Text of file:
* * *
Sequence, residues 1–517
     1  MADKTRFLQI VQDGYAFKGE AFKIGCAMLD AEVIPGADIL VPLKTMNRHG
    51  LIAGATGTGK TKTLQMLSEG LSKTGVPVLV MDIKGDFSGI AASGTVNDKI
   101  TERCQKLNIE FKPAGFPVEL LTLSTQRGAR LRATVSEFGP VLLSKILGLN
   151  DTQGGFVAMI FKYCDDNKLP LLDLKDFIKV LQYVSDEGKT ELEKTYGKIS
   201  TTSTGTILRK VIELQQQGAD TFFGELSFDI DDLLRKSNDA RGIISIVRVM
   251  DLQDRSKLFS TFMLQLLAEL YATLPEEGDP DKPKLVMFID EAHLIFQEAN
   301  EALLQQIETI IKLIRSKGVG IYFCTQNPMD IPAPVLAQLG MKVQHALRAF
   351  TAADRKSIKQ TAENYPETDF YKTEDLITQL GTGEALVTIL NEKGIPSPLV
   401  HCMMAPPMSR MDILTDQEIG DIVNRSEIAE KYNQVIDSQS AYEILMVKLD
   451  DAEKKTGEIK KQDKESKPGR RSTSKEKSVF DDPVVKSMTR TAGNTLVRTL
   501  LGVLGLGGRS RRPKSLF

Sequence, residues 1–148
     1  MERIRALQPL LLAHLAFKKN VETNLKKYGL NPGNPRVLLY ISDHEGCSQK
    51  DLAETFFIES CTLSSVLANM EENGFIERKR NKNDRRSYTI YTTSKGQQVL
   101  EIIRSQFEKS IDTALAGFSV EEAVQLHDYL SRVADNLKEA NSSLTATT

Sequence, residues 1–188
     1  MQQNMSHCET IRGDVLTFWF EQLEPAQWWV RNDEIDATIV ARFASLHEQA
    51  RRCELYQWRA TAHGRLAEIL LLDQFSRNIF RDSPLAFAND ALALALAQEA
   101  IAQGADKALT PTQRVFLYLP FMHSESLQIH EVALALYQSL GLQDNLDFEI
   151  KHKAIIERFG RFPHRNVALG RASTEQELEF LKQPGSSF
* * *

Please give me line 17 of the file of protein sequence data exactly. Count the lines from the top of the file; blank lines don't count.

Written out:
Sequence, residues 1–188